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In an article on the new Virginia voter ID law (“Voter photo ID law to take effect July 1,” June 27-29), the Times quotes Del. Mark Obenshain (R-Harrisonburg) claiming as the basis for that law that “We know that voter fraud exists.” Mr. Obenshain was fortunate that the Times did not ask him to provide evidence for this assertion. In fact, the supposed prevalence of in-person voter fraud – like the validity of supply-side economics, the easy life of the American poor due to their generous government subsidies, and the awfulness of the Affordable Care Act – turns out on examination to be just one more right-wing falsehood, repeated so often in the conservative echo chamber that Mr. Obenshain can get away with treating this lie as an evident certainty.

Study after study, and court case after court case, have found that election fraud of any kind is exceptionally rare, and in-person voter fraud (the only kind Mr. Obenshain’s photo ID law can address) is almost nonexistent. For example, in 2012 the investigative new organization News21 reported on an in-depth study they conducted of all types of alleged election fraud since 2000 – a period during which over 600 million votes were cast. The study turned up only 2,068 allegations of all types of fraud, including exactly 10 cases of alleged in-person voter fraud. Earlier this year, in a decision the Republican governor of Pennsylvania has decided not to appeal, a state court tossed out Pennsylvania’s voter ID law – in part because the state presented no evidence that any in-person voter fraud had actually occurred. Reflecting on such evidence, federal Circuit Judge Richard Posner late last year expressed serious second thoughts about a court decision in which he participated in 2007 that justified voter ID laws.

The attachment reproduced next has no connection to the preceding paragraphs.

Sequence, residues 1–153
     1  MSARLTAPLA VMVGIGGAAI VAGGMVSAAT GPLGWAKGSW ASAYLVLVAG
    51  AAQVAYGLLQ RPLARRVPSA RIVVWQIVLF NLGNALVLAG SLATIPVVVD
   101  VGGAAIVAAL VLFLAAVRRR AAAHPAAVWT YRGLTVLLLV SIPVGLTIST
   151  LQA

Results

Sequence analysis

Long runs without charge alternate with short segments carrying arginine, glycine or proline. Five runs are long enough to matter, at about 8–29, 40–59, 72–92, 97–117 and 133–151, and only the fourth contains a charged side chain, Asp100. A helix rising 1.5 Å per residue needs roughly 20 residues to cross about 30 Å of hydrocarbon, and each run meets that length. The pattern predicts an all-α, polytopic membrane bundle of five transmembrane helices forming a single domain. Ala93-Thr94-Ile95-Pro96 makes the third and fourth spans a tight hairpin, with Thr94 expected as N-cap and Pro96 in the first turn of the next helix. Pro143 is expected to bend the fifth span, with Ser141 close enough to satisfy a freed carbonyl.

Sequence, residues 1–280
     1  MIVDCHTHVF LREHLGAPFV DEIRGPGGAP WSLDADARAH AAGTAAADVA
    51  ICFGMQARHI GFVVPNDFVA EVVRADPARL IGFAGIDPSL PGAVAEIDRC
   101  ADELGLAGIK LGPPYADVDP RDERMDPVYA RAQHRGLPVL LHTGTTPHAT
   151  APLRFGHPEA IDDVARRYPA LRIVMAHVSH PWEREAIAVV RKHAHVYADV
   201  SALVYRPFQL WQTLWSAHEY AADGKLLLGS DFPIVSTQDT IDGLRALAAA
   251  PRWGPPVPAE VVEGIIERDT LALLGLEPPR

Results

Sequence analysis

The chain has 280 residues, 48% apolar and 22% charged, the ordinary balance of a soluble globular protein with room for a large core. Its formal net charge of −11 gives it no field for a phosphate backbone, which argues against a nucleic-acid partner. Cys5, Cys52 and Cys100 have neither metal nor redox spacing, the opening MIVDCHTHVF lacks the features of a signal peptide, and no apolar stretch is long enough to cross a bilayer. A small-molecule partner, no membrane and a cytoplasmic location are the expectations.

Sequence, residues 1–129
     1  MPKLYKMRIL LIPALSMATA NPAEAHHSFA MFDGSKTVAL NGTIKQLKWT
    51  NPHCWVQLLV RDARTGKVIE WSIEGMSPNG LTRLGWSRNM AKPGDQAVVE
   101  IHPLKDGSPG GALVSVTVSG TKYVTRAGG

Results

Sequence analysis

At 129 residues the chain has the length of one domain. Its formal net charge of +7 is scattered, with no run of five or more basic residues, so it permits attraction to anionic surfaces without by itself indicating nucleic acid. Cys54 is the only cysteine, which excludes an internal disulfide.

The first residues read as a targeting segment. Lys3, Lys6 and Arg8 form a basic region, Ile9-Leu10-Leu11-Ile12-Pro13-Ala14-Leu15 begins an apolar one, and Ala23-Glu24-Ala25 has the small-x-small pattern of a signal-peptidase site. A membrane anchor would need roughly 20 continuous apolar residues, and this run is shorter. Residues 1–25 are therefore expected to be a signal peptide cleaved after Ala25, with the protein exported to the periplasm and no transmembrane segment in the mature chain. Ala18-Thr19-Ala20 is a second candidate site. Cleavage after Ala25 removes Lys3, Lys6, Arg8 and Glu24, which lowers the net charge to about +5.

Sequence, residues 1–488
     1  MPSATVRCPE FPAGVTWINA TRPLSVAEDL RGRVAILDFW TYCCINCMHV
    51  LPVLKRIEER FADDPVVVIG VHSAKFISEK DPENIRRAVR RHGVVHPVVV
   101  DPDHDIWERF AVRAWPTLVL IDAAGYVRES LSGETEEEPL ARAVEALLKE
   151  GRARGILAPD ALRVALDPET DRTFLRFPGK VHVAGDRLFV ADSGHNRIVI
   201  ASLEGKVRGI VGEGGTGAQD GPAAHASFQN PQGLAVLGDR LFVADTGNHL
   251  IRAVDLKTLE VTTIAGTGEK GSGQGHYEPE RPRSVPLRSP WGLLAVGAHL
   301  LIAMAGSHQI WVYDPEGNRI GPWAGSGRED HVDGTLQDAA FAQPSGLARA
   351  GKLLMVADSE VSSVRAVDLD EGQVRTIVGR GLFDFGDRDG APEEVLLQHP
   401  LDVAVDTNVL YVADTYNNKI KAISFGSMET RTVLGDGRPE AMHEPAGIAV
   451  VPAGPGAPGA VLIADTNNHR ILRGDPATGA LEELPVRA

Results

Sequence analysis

Both experience with such laws and academic and journalistic research have made clear what many people suspected from the beginning: that these laws are not intendedto address virtually non-existent fraud but to erect barriers to voting for groups less likely to vote for Republicans. That Virginia’s law is not the worst of this bad lot does not make it any more justifiable, or any less a waste of the state’s resources.

George Colvin, Oakton